Chicago State University deposition was not authenticated for use in Nigeria, Supreme Court rules

Emmanuel Agim, justice of the supreme court, says the deposition of the registrar for Chicago State University was not authenticated for use in Nigeria.

The supreme court on Thursday dismissed the application for leave to file fresh evidence against President Bola Tinubu by Atiku Abubakar, candidate of the Peoples Democratic Party (PDP), in the February 25 election.

Abubakar had secured an order from the US district court for the Northern District of Illinois, directing the release of Tinubu’s academic credentials.

Abubakar and PDP alleged that Tinubu submitted forged academic credentials to the Independent National Electoral Commission (INEC) to enable him to contest the election.

However, the court held that it lacked jurisdiction to entertain an issue that was not presented during the election petition tribunal proceedings.

The court also dismissed the entire petition seeking to overturn the verdict of the tribunal which affirmed Tinubu’s election.

Agreeing with the lead judgement delivered by Inyang Okoro, Agim said there was nothing authenticating the documents obtained by the appellants.

“The deposition for this additional evidence is inadmissible,” the justice said.

“If a document is inadmissible, you cannot ask that you should be allowed to bring it in as fresh evidence.

“A reading of the deposition exposes that it is not authenticated by the seal of the authority before whom it was issued.

“A deposition from another country to be used in Nigeria should prima facie, give features of authentication such as the official seal of the court where it is sworn or if it is before a notary public, a seal or signature.”

He said if it is sworn in the Nigerian embassy, high commission or consulate in that country, the signature of the officer authorised to do so and the seal of the embassy, high commission or consulate must be seen.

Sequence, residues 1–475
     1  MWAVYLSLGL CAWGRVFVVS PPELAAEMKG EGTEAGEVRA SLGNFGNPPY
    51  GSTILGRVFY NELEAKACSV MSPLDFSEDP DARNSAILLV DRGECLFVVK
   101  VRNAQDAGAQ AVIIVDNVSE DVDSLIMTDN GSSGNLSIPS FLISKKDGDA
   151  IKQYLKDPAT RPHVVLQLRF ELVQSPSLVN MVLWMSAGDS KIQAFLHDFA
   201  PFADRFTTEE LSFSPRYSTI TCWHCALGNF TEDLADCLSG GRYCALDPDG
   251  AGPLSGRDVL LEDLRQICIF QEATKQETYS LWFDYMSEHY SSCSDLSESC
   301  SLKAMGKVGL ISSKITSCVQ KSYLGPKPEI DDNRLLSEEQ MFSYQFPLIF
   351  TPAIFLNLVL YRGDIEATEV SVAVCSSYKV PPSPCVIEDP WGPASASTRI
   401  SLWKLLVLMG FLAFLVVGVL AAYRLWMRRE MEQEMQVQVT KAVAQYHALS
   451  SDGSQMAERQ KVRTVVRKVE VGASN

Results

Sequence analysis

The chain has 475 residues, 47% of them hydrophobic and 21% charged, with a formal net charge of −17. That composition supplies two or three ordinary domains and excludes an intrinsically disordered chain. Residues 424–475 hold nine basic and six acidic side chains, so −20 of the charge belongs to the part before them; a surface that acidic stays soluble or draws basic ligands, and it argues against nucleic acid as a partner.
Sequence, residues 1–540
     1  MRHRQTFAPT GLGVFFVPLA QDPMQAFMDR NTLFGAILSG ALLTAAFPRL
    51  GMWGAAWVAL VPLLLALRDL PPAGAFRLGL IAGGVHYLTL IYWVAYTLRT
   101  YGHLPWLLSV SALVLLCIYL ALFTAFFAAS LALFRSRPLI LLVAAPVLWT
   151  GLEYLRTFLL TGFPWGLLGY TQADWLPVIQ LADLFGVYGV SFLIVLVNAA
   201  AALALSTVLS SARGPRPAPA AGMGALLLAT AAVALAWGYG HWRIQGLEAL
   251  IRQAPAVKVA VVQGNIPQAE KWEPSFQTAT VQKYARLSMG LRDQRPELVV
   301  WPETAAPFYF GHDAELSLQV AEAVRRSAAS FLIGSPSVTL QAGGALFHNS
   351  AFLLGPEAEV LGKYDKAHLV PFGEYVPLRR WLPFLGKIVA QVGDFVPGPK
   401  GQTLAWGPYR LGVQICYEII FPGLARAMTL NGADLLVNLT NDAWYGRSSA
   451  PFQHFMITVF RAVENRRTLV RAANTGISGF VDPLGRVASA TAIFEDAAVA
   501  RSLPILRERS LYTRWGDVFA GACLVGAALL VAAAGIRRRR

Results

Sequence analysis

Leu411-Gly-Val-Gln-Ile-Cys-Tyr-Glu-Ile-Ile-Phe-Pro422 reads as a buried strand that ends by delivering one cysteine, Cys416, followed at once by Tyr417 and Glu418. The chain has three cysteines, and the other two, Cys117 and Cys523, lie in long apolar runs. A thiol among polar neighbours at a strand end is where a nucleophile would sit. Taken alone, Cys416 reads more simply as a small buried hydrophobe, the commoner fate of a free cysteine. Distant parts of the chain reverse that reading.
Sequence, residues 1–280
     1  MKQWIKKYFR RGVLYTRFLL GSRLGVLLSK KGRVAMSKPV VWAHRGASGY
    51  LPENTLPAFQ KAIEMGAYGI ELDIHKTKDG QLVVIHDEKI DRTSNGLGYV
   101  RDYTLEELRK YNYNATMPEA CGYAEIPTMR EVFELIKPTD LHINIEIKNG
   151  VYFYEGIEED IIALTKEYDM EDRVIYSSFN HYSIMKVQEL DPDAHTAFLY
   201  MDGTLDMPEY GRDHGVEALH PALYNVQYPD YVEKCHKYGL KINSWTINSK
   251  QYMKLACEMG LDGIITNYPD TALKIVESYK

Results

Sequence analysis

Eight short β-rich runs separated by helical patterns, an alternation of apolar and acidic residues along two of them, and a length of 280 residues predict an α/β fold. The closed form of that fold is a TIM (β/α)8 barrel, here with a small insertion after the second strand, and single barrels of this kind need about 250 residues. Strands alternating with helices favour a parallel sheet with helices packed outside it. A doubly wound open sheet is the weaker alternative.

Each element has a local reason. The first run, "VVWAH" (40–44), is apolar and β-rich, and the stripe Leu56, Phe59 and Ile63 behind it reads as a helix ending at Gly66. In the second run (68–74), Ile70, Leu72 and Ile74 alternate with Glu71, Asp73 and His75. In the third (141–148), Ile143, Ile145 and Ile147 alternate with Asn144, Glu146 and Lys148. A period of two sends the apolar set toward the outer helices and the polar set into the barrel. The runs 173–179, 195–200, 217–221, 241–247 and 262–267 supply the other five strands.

“Such authentication is an assurance of the origin and authenticity of the foreign deposition,” Agim added.

“In our present case, the certified shorthand reporter before whom the deposition was made did not authenticate the deposition with her seal.

“She merely signed a certificate of report bearing her name and number. Being a deposition from another country, it cannot be used in Nigeria without authentication. The authentication of the oath administration is mandatory.”

Agim also expressed concerns as to why the deposition was made in the law office of Abubakar’s lawyer instead of the court which gave the order.

“I’ve wondered why the deposition made… was not made before the court,” he said.

“And if made elsewhere in the law office of the first appellant’s attorney why was it not filed in the above-mentioned court because of the peculiar circumstances of this case and adopted as the deposition ordered to be made by the court so that it can form part of the record of the court.”

Agim also faulted the appellants for failing to secure a letter from CSU disclaiming the records Tinubu forwarded to INEC.

“I have continued to wonder why the appellant did not use the advantage of the order of the district court that the college produce documents and deposition concerning those certificates,” he said.

“Why they didn’t use that advantage to secure a letter from the college under its letterhead, seal and signature disclaiming the certificate presented by the second respondent to INEC as not one issued by the college?

“Instead, they resorted to this deposition which has no features of authentication, thereby rendering it spurious and inadmissible.”


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